Odds stacked against Australia in India

If statistics and experience alone won cricket matches, world champions Australia would be regarded as no-hopers in the Test series against India starting on Thursday.

Twelve in the 15-man touring squad have a combined tally of only 130 Tests between them, the same number that India captain Anil Kumble has played and 20 fewer than batting superstar Sachin Tendulkar.

Captain Ricky Ponting, veteran opener Matthew Hayden, and middle-order batsmen Michael Clarke and Simon Katich are the only ones who have experienced a Test match atmosphere in India before.

And the spin options are bare following the retirements of the legendary Shane Warne and his understudy, Stuart MacGill, with no one to exploit wickets that traditionally favour slow bowlers.

On paper, the series would appear a cakewalk for the Indians.

In real terms, however, it leaves an enthralling contest on offer for the Border-Gavaskar Trophy between two evenly matched teams.

“This is the best chance for us to pull it off,” said Kumble, determined to overturn the 2-1 defeat at home in 2004 and an identical loss Down Under earlier this year.

“We want to win this one badly. Good for us that the Aussies consider themselves the underdogs.
We have to exploit their relative inexperience in our own conditions.”

The tussle between India’s battle-hardened batting veterans and Australia’s pace firepower will provide the backdrop for one of the most eagerly awaited four-Test series in recent times.

Tendulkar (35), who needs only 77 more runs to overtake Brian Lara as Test cricket’s leading scorer, heads the charge of the senior brigade that includes Rahul Dravid (35), Sourav Ganguly (36) and Venkatsai Laxman (33).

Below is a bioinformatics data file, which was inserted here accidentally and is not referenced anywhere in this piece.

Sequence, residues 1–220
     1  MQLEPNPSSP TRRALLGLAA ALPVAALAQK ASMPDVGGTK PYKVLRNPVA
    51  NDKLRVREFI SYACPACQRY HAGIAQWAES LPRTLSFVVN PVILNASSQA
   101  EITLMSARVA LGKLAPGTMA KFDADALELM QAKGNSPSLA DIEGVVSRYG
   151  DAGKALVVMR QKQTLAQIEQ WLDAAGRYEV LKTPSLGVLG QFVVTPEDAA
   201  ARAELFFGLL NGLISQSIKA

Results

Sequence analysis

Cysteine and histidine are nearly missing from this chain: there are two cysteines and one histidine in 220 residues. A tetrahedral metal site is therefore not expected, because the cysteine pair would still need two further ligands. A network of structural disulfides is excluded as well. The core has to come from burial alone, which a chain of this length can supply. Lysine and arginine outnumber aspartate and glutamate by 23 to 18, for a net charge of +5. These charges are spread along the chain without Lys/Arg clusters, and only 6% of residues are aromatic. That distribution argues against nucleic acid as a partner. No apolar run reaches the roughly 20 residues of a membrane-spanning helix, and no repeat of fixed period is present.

Much would, however, depend on pugnacious match-winner Virender Sehwag, India’s lone triple-centurion in Tests, who has achieved the feat twice in the last four years.

India will look to Sehwag and his Delhi teammate, Gautam Gambhir, to blunt the Aussie pace attack of Brett Lee, Stuart Clark, Mitchell Johnson and rookie Peter Siddle.

India’s spin twins, Kumble and off-spinner Harbhajan Singh, are waiting to prey on Australia’s perceived weakness against the turning ball, particularly skipper Ponting.

Since arriving in India a fortnight ago, Ponting has been constantly reminded of his poor batting average of 12,28 in eight previous Tests on Indian soil, in contrast to his career average of 58,37.

Of his 14 innings in India since 1996, Ponting has fallen to spinners 13 times, with Harbhajan claiming him on five occasions and Kumble on four.

The Australian captain, however, appeared to be making sense of Indian wickets when he hit 41 and 58 not out in a tour game in Hyderabad over the weekend.

“As everybody knows, it’s been spoken about a lot here already. My record in India is not as good as it is in other parts of the world,” said Ponting. “It means a lot to me to do well here.

“It’s my time now to stand up and make sure I score some runs.”

With rookie off-spinner Jason Krejza proving inadequate in the tour match, where he went for 0-199, Australia will bank on their pace quartet to deliver with occasional support from part-time spinner Michael Clarke.

The Bangalore Test will be followed by back-to-back matches in Mohali, New Delhi and Nagpur.—Sapa-AFP

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